The two people accused in a pair of Missoula murders may be taking steps to get married while in jail, according to court records.

An application for a search warrant reviewed by the Missoulian said that at Augustus Standingrock’s request, he and Tiffanie Pierce have been sent marriage application material.

Standingrock and Pierce are each charged with two counts of deliberate homicide after the dismembered bodies of 15-year-old Marilyn Pickett and 24-year-old Jackson Wiles were found in tubs of chemicals in the basement of Pierce’s home in August. Standingrock and Pierce have been in the Missoula County jail since their arrest, each held on $2 million bail.

Several potential barriers to any marriage for the incarcerated couple appear to exist. For one, a senior jail staffer says he doesn't know of another case where two inmates have married each other, and doesn't know how that would be handled.

On top of that, a judge’s order in the case bans Standingrock and Pierce from having any contact with one another for any reason.

The search warrant application said that in November, Standingrock sent a letter to his mother, thanking her for sending him marriage paperwork.

“Did you send them to her as well? I hope you’re ready to accept Tiffanie into the family,” he wrote.

Standingrock and Pierce have also made repeated requests to family members for copies of the lyrics to “Meat Cleaver” by Brotha Lynch Hung, which reference killing and dismembering a woman. The warrant application notes that a music video for the song shows an African-American woman in a basement with tarps, tubs, and references to dismemberment.

“The crime scene in this case involved two victims, one of which was an African-American female victim who was dismembered with knives and an axe and placed into a tub in a basement with tarps on the ground,” a detective wrote in the application.

If Standingrock and Pierce do fill out a marriage application, it’s unclear whether a wedding between two jail inmates can take place.

Jail Commander Jason Kowalski was out of the office and unavailable for comment on Friday, but Chief Detention Officer Reese Richter said that in his more than two decades at the jail, he doesn’t know of a case where two current inmates got married in custody.

“To my knowledge, it’s never happened in my career,” he said. “To be perfectly honest, I just don’t know what we would do about that because I’ve never had to deal with it.”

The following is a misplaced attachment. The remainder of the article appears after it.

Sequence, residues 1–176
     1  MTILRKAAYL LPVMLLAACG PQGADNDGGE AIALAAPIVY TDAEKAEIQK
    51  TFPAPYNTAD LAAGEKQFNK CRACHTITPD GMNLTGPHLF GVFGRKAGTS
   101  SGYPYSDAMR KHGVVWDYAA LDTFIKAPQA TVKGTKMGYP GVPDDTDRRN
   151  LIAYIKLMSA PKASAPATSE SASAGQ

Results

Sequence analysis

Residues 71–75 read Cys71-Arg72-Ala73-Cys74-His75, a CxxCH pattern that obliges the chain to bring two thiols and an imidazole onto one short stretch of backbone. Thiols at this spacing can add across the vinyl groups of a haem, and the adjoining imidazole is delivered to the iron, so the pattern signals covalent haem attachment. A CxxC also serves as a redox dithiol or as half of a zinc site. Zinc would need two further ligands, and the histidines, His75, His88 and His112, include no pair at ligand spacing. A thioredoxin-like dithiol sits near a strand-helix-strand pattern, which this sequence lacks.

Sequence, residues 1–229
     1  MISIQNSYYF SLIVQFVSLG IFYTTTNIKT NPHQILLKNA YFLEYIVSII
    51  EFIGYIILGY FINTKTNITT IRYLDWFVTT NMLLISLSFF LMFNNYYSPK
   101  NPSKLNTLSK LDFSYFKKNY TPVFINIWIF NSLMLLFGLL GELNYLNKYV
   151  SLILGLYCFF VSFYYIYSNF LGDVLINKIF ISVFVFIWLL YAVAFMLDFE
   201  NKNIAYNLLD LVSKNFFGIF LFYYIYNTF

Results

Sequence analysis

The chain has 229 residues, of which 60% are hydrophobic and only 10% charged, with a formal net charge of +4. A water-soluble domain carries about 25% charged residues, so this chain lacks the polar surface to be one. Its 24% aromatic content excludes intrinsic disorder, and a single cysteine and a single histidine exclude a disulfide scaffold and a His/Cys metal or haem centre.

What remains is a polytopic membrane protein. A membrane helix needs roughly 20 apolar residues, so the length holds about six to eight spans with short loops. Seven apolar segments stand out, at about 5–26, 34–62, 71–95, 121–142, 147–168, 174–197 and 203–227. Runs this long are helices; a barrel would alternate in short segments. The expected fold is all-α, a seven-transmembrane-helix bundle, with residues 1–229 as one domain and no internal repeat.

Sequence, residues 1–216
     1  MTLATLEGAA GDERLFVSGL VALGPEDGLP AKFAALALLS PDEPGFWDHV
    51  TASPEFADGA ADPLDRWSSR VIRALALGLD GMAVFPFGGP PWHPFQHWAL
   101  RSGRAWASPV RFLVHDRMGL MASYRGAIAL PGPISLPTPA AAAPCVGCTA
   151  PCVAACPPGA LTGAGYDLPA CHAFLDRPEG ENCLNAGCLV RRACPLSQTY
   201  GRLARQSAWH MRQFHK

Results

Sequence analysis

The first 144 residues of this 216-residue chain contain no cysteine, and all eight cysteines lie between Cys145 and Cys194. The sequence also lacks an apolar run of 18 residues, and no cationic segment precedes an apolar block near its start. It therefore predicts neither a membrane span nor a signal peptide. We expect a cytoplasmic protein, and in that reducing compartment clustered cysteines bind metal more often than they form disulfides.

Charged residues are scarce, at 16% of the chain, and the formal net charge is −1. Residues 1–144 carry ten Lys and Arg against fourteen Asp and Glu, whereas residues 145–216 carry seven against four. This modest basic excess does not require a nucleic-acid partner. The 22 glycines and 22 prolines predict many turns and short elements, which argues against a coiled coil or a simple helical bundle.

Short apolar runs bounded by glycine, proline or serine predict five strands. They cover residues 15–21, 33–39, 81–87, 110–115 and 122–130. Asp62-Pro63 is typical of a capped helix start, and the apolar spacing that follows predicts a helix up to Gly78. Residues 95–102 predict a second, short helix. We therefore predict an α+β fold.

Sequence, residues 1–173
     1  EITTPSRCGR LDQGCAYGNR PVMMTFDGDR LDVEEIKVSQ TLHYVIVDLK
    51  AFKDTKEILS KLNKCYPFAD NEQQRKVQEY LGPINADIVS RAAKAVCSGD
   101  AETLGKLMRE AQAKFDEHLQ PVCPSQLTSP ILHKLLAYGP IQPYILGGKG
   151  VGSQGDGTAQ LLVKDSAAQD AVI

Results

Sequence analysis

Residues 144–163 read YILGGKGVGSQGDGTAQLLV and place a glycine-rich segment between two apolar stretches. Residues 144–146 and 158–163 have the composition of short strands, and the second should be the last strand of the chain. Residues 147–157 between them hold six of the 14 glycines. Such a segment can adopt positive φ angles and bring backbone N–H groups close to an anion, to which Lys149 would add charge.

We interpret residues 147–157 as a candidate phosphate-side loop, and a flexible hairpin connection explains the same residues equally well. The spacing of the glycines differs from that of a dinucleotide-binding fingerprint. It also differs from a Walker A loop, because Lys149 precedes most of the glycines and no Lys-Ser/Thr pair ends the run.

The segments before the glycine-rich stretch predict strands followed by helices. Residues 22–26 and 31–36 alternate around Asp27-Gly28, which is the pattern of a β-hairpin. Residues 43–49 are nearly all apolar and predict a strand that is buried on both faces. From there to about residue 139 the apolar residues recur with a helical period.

Even at the Montana State Prison, marriages between inmates don’t happen, public information officer Amy Barton said. There are marriages between an inmate and a person on the outside, but Barton said the prison doesn’t play a role in the process. The outside person needs to fill out the paperwork to do a marriage by proxy, she said.

While a policy technically allows a marriage ceremony to occur in the visiting room at the jail at the couple’s expense, Barton said it requires the inmate to get a staff sponsor, and as far as she is aware that has never happened.

The Department of Corrections also has a policy regarding inmate marriages — which wouldn’t apply to Pierce and Standingrock unless they were convicted and sentenced. That state policy said requests for marriage should be considered, and are granted at the discretion of an administrator.

The policy also notes that codefendants of an ongoing investigation or active court case cannot get married until all cases have been fully adjudicated.

In addition to homicide charges for Pickett's and Wiles’ deaths, Pierce is charged with attempted homicide and assault with a weapon, counts that arise from a July incident where she’s accused of breaking into a Missoula home and repeatedly stabbing a woman. Standingrock is also charged with witness tampering for allegedly calling a witness in the homicide case and telling him not to speak to a detective.

At this point, Standingrock and Pierce’s cases are being tried separately. Standingrock’s trial is currently set to start Nov. 7. Pierce’s is set to begin Sept. 14.

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